Nine Saanich Police (SPD) constables patrolled the municipality’s streets Sunday night, and all nine were women, according to the police department.
“SPD is proud to deploy all female Constables tonight in Saanich,” Saanich police said when captioning a photo of the constables on X, also known as Twitter, around 9:30 p.m. Nov. 12.
The department had previously said it was on track to surpass the 30×30 Initiative, which aims to increase the representation of women in police recruit classes to 30 per cent by 2030.
“Despite reaching this goal, we continue to commit to increasing representation of women in all ranks of the department,” Saanich police said in a 2022 report, “and improving the experiences of all gender-diverse employees through policies, practices, and changes in organizational culture.”
In March 2022, the department released a video on YouTube showcasing female police officers. The following May, it joined the 30×30 Initiative by signing the 30×30 pledge, saying it was “committed to advance women in policing and support the success of women officers in all ranks.”
Numerous police agencies across the United States and Canada have signed the pledge, and Saanich Police is the only one in Greater Victoria listed on the initiative’s website.
Canada-wide survey seeking feedback ‘to bridge information gap’
The Durham Regional Police Service (DRPS), in partnership with Ontario Tech University and the Ontario Association of Chiefs of Police, says it’s conducting a study called “Canadian Women in Policing: A National Exploration of Women Officers’ Experiences.”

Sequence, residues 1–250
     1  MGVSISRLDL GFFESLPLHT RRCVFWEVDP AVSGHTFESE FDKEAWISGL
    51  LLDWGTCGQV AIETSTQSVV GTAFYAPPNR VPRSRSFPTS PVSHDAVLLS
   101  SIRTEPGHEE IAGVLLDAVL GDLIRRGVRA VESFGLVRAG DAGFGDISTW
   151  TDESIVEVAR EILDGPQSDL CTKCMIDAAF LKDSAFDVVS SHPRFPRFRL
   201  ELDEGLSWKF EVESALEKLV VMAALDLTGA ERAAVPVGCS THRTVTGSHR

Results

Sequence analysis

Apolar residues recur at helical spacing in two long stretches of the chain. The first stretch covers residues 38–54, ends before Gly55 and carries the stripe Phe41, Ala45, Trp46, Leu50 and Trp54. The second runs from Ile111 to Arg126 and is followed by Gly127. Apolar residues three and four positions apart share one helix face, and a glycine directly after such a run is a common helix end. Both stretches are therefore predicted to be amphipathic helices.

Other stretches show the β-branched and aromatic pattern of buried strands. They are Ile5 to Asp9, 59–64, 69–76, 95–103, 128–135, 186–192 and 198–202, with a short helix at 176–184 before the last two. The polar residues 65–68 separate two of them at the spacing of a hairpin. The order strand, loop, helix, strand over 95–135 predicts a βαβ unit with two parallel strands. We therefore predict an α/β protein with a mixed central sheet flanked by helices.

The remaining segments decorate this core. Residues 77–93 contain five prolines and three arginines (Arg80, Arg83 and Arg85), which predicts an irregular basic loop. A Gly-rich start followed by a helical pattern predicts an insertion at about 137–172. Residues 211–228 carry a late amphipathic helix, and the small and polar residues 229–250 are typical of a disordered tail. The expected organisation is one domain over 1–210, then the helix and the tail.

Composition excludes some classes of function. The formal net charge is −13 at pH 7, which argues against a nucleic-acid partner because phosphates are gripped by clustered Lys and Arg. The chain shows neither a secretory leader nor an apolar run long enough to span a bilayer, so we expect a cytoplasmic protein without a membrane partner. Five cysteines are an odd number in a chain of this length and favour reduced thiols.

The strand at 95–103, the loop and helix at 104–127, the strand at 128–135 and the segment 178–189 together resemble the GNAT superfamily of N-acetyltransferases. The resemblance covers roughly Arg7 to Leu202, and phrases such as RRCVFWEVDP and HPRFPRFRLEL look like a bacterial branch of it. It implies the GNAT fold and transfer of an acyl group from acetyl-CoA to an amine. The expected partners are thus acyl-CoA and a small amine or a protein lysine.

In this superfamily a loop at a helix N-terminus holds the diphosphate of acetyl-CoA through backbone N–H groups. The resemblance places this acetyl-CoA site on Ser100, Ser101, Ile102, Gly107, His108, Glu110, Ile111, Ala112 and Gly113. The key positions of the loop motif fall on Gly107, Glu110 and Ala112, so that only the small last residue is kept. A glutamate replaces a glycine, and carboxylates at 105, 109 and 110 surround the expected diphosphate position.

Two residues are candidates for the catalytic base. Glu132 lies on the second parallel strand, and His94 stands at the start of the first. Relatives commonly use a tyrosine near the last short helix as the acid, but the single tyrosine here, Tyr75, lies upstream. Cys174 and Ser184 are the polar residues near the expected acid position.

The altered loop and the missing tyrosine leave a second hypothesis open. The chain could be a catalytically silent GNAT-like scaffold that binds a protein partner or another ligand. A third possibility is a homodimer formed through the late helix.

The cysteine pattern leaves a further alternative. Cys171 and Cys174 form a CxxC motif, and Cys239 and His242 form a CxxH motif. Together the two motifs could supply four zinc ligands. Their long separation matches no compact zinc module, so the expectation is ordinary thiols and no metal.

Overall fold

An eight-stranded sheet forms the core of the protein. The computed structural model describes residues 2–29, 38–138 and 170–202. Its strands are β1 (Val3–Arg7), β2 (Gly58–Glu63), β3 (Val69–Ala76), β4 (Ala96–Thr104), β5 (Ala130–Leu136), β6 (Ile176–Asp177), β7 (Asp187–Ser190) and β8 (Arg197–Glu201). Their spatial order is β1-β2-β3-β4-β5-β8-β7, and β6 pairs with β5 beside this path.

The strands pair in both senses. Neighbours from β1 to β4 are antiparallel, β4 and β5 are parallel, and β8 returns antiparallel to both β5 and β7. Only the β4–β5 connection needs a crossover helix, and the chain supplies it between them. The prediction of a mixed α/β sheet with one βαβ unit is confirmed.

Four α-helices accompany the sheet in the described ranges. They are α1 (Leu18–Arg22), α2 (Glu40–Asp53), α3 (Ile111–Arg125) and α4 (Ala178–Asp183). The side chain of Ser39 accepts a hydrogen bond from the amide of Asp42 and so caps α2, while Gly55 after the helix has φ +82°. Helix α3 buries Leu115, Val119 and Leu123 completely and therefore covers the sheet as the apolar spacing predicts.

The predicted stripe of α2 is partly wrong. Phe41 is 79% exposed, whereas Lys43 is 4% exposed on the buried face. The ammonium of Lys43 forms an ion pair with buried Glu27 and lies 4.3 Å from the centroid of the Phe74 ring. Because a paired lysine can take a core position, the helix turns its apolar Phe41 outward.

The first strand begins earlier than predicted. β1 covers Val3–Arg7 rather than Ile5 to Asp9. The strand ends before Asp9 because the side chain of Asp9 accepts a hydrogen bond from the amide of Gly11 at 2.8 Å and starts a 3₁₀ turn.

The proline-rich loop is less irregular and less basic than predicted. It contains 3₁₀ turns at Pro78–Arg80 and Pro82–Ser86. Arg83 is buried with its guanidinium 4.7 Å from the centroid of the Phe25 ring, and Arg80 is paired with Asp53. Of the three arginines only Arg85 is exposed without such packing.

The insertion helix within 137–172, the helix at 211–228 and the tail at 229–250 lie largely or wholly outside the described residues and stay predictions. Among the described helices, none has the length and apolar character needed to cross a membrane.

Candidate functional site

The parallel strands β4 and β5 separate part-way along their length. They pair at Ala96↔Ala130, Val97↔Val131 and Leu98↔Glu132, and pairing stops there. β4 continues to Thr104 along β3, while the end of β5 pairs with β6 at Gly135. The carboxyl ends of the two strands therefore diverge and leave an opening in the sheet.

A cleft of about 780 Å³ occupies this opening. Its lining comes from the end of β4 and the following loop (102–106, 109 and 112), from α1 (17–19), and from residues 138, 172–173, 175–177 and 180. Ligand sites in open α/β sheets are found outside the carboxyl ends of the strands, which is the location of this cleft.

In a Nov. 7 release, DRPS said the study, which is a survey, “aims to bridge the information gap concerning the challenges and opportunities faced by women in law enforcement in Canada and shed light on the pivotal importance of gender equity within Canadian police services.”
Organizers launched the survey on Nov. 9, will gather responses until March 2024 “and then by the summer of 2024, be in a position to start reporting some of the results,” said Vidal Chavannes, director of strategy research and organizational performance with DRPS.
Feedback will then be shared with police agencies across Canada, through conferences, presentations and publications “wherever possible,” Chavannes told CHEK News Monday.
“We want to share it far and wide,” he noted.
“Because the goal is to address the conditions that face women in policing so that we can start to improve in terms of recruiting and so that we can start to improve in terms of the experiences that those individuals have within the various police services that they’re a part of.”
In October, Saanich Police, along with police departments in Central Saanich, Oak Bay and Victoria/Esquimalt, were named in a civil suit alleging gender-based discrimination and harassment in all 13 of B.C.’s municipal detachments.
So Chavannes is encouraging female police in Canada to participate in the new survey.
He says the goal “is to get the survey out far and wide to as many women police individuals as we can. And right now, the research is focused on sworn women in policing. At some point in time, later on, we could extend the work to civilian women in policing.”
Chavannes points to 2021 data indicating around 22 per cent of the country’s sworn officers are female.
“And one of the things that we found when we dug into the literature was that there was a significant amount of writing about women’s experiences in law enforcement in other jurisdictions, so in the United States in the U.K., but there was very little information about the experiences of women in policing in Canada,” he added.
“And so that was the impetus for us getting involved in the first place.”
— Saanich Police (@SaanichPolice) November 13, 2023